When teachers break trust

July 1, 2011

July 01, 2011 5:06 PM

CAROL MCGRAW

THE GAZETTE

The school aide driving a student home from a field trip kept touching the student’s leg.

The girl pushed his hand away. “Don’t touch me.”

He smiles. “I really like you. I’ll take you for ice cream.”

The girl says more forcefully. “Stop, or I will tell my parents. Take me home.”

“I was just trying to be friends. Don’t tell anyone.”

“I won’t tell,” she says. But later, she does.

This was a roll playing session recently at a Kidpower Colorado Springs class, where youngsters practiced how to react to inappropriate behavior.

“Who does your body belong to?” a teacher asked.

“To me,” the kids yelled.

“Who decides who can touch you?”

“Me!” the kids responded.

Jan Isaacs Henry,executive director of Kidpower, which provides safety and self esteem classes, explained, “Abuse is about secrecy, coercion and manipulation. Practicing responses makes the effort more automatic if something happens.”

It was the Catholic priest scandal that more than 20 years ago put the spotlight on child abuse by those in a position of trust. Since then all sorts of legal safeguards, safety programs and school policies have been set in place to deter such criminal acts, whether they occur at home, at summer camp or in the classroom.

While that effort has had a chilling effect, it has not eradicated abuse.

Locally, two headline-grabbing incidents have occurred recently.

Joshua Carrier, a volunteer coach and former police resource officer at Horace Mann Middle school, is charged with 78 counts of sexual assault involving six children and 10 counts of possession of child pornography. This week, he pleaded not guilty to the pornography charges and a preliminary hearing was set for Sept. 15 on the sex assault charges.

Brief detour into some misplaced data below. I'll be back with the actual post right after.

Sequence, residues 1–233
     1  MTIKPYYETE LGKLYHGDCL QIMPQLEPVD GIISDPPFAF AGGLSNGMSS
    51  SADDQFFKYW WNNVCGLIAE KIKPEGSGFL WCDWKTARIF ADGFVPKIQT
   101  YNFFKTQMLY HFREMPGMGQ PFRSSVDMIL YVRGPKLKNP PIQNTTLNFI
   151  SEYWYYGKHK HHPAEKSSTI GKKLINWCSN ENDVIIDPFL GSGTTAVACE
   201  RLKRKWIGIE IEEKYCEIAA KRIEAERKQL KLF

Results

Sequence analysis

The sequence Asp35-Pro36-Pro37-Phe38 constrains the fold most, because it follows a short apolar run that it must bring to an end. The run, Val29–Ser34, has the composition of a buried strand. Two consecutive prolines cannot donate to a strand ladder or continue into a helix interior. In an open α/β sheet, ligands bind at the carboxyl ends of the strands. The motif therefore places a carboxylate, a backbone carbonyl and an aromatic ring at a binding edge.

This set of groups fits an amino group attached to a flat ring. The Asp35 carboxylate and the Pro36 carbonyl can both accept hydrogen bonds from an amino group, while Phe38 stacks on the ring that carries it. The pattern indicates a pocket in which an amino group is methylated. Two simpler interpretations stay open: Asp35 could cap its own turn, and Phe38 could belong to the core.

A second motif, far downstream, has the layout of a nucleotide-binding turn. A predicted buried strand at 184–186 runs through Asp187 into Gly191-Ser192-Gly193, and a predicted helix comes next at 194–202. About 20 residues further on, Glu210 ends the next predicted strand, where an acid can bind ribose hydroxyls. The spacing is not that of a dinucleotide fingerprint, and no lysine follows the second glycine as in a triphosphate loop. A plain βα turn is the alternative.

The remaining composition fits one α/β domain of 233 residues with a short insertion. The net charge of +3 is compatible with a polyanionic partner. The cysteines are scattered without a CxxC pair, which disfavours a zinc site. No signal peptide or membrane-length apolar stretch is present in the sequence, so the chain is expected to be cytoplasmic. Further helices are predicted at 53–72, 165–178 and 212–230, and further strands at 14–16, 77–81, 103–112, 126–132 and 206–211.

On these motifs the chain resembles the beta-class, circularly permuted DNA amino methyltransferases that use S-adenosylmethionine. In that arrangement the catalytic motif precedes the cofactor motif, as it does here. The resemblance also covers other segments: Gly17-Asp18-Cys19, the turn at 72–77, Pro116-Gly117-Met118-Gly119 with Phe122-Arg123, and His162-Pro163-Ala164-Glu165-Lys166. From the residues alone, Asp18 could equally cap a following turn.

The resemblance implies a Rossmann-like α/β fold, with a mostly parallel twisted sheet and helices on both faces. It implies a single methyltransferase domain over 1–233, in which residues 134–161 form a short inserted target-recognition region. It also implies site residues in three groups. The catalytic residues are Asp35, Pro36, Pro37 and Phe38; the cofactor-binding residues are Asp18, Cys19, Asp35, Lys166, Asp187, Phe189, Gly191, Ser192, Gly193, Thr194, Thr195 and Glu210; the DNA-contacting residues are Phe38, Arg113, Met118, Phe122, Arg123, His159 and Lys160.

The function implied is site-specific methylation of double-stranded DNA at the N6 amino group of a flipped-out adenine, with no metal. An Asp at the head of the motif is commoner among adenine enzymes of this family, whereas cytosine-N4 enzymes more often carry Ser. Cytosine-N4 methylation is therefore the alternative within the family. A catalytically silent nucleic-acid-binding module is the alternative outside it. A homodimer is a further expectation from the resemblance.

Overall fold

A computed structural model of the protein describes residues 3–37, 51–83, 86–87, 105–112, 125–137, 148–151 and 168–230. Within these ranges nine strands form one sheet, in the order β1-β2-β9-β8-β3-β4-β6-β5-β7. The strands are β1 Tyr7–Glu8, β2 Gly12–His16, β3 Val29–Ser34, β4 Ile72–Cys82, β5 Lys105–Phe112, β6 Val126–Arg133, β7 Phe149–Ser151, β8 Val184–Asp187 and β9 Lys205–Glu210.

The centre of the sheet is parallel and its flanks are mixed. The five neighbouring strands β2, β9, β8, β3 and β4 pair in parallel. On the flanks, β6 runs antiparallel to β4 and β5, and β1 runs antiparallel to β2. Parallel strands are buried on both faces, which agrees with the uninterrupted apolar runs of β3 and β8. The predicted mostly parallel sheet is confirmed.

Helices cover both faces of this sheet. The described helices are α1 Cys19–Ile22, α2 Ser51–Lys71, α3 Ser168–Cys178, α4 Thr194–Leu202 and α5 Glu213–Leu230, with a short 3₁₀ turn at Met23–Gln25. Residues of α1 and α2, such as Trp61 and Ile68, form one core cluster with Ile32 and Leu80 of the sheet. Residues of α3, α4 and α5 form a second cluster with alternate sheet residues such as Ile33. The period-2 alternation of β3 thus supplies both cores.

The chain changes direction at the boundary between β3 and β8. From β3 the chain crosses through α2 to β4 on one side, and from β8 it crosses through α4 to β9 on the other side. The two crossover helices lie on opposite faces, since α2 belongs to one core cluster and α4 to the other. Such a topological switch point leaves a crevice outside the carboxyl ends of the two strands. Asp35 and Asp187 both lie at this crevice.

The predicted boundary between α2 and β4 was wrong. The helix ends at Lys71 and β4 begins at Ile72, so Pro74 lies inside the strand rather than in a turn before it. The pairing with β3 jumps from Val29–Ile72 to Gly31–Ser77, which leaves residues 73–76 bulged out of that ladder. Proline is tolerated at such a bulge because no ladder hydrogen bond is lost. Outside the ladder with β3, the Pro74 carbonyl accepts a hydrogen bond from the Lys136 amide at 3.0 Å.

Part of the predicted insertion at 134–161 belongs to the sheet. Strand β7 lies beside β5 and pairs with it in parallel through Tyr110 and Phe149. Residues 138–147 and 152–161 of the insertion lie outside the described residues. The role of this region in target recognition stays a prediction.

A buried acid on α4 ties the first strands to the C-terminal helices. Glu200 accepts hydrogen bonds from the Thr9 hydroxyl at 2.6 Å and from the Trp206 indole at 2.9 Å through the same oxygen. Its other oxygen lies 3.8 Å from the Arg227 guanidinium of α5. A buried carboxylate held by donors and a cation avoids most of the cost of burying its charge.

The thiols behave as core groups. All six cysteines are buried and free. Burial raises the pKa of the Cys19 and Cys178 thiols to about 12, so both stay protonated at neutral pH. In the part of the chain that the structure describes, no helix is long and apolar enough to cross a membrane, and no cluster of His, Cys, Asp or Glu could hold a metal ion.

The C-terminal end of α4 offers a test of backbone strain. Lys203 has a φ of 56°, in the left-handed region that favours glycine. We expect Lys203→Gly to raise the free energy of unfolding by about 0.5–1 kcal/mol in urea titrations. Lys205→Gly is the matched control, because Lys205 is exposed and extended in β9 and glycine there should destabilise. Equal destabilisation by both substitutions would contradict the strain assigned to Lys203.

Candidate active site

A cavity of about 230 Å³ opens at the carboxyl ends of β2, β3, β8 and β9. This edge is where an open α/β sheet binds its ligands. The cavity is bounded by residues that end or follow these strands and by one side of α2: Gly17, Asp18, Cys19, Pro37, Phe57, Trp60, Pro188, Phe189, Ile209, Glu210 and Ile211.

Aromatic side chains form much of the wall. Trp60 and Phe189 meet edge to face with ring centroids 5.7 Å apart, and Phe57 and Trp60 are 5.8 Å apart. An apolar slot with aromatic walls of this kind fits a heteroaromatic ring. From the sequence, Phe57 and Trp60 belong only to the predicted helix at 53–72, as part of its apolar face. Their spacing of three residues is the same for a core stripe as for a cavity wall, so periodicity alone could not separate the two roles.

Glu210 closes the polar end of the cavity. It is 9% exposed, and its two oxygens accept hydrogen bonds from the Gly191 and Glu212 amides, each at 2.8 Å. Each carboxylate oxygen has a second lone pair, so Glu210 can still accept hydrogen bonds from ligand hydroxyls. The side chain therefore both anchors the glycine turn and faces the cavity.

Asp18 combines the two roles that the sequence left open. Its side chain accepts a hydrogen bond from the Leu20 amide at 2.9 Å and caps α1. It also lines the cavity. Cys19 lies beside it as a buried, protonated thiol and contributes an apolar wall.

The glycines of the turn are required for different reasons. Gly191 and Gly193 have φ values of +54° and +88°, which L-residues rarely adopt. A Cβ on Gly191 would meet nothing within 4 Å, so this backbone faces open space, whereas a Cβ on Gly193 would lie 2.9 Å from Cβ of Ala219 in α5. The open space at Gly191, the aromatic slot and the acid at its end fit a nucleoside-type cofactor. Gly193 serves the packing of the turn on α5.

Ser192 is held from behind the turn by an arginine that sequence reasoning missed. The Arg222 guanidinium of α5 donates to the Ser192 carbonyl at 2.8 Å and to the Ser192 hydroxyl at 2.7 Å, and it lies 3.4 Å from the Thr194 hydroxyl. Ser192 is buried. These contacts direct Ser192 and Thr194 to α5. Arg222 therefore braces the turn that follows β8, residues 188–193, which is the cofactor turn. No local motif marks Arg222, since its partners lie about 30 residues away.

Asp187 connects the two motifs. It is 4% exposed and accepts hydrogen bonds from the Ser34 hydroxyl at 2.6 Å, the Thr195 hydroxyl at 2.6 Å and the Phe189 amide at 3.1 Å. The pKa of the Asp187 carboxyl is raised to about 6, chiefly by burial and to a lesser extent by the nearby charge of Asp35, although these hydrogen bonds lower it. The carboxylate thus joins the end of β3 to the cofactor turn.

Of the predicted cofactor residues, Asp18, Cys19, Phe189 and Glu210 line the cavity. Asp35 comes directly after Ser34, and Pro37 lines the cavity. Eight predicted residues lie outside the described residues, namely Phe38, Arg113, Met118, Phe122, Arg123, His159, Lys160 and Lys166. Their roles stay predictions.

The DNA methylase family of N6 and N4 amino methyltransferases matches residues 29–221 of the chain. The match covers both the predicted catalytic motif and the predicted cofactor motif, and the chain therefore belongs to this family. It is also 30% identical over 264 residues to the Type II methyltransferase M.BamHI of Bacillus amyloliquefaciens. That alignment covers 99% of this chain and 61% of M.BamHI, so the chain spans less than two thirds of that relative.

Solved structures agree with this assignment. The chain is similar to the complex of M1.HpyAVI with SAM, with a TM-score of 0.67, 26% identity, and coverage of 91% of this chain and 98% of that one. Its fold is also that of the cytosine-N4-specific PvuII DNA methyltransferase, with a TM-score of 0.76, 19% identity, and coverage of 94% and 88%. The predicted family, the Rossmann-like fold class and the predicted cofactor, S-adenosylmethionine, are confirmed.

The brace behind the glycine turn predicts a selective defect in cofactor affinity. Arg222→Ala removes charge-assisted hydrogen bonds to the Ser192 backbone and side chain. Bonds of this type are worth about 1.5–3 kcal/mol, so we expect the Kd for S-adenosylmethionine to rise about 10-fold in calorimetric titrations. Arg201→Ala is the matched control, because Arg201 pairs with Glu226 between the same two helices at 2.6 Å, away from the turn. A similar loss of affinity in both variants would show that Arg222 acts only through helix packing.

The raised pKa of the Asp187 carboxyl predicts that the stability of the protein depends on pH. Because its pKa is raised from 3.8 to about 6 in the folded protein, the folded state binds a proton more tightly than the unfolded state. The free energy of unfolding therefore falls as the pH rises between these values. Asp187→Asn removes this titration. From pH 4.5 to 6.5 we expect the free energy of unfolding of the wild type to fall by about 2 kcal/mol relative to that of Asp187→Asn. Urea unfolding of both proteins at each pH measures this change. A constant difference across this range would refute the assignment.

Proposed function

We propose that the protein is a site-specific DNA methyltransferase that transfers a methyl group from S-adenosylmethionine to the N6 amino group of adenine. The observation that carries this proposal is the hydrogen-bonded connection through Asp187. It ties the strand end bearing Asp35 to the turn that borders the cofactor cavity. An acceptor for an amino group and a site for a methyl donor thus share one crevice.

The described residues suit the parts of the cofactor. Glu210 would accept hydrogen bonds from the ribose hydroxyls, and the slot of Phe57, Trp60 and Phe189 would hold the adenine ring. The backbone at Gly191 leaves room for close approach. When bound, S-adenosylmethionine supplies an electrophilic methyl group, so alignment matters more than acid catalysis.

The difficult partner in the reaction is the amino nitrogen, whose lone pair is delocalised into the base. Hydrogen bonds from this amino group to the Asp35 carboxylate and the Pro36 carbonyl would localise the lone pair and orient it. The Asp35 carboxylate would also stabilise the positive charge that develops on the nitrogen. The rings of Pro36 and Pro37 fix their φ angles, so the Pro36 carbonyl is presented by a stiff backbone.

Last week, Anthony Ribaudo II, a Fountain-Fort Carson High School dean of students, was arrested and police say he admitted having sex with a 17-year-old female student.

Such incidents have parents wondering just what safeguards are in place.

Professional ethics training for most educators begins early in their college classes.

Students in the teacher training program at the University of Colorado at Colorado Springs get big doses, starting in a class called “School, Society and Diversity” and continuing throughout the four years, including field experiences in schools, said Professor Catherine Kelly, chairwoman of the Department of Curriculum and Instruction.

Students are required to write a personal Code of Ethics, which they update several times before they graduate as their understanding grows.

In classroom management courses they discuss “proximity control.”

“It used to be you could put a hand on a student’s shoulder, but now you shouldn’t touch them period,” Kelly noted. Also new are warnings about appropriate use of social media, email and texting by teachers to students and their parents, and to co-workers.

But training won’t end errant or criminal behavior.

“You can talk about ethics and inappropriate behavior, and make educators aware of their responsibilities, but no matter the amount of training sometimes it will happen. We can’t always control human nature, people are still people,” Kelly said.